Name: David Garcia
Date: August 2, 2018
Age at Time of Interview: 56
Circumstance of Call: Over the Phone. Mr. Garcia was at his office in Philadelphia, PA. I called from Silver Spring, MD.
Part One: https://drive.google.com/file/d/1pUmZ0DXYYVkMpPN3toLsCPewkDYBGjeG/view?usp=sharing
Part Two: https://drive.google.com/file/d/1wj-Du00SEQ2g0N_yEsS_NGvEDbKLVl_p/view?usp=sharing
Details: While most US citizens who spent their childhoods in Venezuela’s oil camps had parents who were engineers or otherwise worked directly in the oil fields, David Garcia offers a different perspective. His father was brought to Latin America as a director of security. I thank him again for his graciousness in making this interview happen, despite my scheduling shortcomings.
David Garcia (DG): What can I help you with?
Trent Kannegieter (TK): Yeah, so I know you’ve read what Ms. McAllister had posted about me. I’m interested in compiling as many stories as possible about people who lived in and around oil camp life in Venezuela. I’m interested in hearing about your experience both educationally and socially.
DG: Sure. Want me to start? Tell you how we got there?
TK: That would be great.
DG: Our experience was a little different. My father was not an engineer by trade. He was a former Green Beret. Myself and all my siblings were born at Fort Bragg. And my dad at the time, he had just come back from Indochina, and he was assigned to go to Panama. The Canal Zone was still there at that time, and it was either Fort Davis or Fort Bullock. My father was already in Panama when I was born at Fort Bragg, premature. I was supposed to be born in the Canal Zone, but that didn’t happen. So, my mother and my two older siblings. I guess in the next month or two we went to Panama. The reason my father was there in Panama in 1961-62, as a part of Special Forces, was to train National Guard officers in Caracas at their National Academy. Just prior to this, Venezuela had overthrown the dictatorship of President, Marcos Perez Jimenez. He was overthrown and there was a ruling Junta. Eventually there were elections. But this was also the time of Fidel Castro, Che Guevarra, internationalized revolutions. They had some guerillas in Venezuela that were blowing up oil installations, pipelines. The way the fields are set up, they had long pipelines that ran from the oil camps to the nearest port. They were blowing those things up and other installations. My father was training National Guard officers in methods of combat insurgency. That evolved into my father retiring and first working for Mobil in 1963-64.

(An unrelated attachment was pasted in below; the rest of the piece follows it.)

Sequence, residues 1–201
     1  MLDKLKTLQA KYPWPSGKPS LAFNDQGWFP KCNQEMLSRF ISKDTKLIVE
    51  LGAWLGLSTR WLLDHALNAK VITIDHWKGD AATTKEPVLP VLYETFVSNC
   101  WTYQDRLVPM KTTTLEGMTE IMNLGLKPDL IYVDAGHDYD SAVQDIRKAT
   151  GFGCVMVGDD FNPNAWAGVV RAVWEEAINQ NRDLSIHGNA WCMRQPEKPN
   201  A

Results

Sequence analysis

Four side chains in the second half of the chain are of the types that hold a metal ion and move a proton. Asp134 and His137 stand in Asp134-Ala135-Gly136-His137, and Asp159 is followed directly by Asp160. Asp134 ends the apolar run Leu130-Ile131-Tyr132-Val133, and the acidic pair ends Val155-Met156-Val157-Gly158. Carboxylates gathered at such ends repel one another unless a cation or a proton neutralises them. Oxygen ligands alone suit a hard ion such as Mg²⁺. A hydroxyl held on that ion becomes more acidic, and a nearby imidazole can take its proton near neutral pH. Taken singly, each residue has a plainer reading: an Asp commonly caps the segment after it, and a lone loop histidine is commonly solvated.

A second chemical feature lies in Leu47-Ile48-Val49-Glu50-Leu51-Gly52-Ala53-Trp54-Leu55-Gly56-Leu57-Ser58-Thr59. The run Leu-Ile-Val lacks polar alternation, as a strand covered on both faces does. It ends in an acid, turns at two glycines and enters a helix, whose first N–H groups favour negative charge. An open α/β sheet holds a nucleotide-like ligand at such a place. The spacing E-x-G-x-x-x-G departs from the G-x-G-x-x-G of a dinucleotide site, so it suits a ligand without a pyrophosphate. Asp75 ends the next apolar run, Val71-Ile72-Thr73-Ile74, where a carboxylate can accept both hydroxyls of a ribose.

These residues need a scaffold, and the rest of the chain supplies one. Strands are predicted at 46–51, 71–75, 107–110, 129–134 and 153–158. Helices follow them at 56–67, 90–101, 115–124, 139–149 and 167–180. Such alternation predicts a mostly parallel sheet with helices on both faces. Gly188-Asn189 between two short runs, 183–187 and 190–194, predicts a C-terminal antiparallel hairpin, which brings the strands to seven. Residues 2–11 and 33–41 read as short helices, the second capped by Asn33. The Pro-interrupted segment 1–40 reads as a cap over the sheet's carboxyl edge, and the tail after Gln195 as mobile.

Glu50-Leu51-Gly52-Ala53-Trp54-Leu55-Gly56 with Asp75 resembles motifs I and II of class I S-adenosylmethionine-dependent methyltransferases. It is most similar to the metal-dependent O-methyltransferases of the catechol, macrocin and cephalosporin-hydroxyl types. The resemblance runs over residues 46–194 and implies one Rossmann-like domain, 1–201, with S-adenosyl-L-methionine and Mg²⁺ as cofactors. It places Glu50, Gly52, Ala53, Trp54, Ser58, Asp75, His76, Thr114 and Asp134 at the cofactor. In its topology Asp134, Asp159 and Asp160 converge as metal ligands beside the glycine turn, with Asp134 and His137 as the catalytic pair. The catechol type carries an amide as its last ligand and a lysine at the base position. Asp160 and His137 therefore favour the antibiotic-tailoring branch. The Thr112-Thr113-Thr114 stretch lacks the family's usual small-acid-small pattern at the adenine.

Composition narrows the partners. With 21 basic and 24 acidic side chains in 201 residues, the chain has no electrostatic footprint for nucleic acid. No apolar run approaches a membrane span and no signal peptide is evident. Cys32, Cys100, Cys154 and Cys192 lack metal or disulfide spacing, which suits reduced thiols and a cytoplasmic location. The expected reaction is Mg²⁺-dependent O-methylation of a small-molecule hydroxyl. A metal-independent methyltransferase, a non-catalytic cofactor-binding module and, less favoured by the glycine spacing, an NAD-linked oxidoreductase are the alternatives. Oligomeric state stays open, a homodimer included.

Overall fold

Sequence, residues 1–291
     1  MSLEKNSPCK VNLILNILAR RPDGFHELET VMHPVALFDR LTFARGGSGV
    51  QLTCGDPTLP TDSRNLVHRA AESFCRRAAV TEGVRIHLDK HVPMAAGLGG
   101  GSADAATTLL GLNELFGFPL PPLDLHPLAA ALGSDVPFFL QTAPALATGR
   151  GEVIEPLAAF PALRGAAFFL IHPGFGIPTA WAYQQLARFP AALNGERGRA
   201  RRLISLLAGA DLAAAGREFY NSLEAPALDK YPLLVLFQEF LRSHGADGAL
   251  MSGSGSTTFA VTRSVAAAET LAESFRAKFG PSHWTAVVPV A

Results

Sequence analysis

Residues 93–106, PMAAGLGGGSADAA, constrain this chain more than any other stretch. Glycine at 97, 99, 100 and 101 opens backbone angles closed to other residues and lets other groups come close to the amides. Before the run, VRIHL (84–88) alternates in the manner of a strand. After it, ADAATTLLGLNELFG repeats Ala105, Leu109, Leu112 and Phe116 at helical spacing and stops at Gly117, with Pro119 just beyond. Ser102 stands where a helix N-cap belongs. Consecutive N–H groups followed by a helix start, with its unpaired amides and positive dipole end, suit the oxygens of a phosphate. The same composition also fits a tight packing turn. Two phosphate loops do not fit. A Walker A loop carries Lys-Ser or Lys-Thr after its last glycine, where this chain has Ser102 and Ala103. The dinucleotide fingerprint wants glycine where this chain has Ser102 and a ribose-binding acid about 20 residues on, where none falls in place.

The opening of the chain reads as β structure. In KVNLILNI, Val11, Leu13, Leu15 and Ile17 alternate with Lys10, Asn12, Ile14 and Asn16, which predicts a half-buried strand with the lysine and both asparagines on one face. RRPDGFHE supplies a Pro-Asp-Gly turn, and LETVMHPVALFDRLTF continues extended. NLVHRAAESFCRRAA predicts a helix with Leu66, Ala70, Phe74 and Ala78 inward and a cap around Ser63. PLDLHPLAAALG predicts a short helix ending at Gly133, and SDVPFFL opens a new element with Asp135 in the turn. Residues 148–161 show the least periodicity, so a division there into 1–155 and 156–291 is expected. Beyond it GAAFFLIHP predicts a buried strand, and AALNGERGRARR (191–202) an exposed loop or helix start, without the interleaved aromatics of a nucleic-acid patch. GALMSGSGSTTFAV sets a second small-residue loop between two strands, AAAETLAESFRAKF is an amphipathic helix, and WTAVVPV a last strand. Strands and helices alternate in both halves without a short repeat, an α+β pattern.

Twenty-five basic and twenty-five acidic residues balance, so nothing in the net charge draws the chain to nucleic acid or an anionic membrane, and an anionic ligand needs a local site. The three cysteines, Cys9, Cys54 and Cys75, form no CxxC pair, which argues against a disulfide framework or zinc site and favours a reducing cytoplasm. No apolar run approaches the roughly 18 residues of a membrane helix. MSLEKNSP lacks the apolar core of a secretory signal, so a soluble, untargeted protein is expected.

We ended up moving to a town called Anaco, which is an hour south of Puerto La Cruz which had one of the large oil debarkation facilities. His job was providing security for oil installations at the oil camp and directing the local National Guard. My father used his connections with his former pupils to secure this position with Mobil. I never knew exactly what he did. I would try to pin him down on it. He’s passed away now. I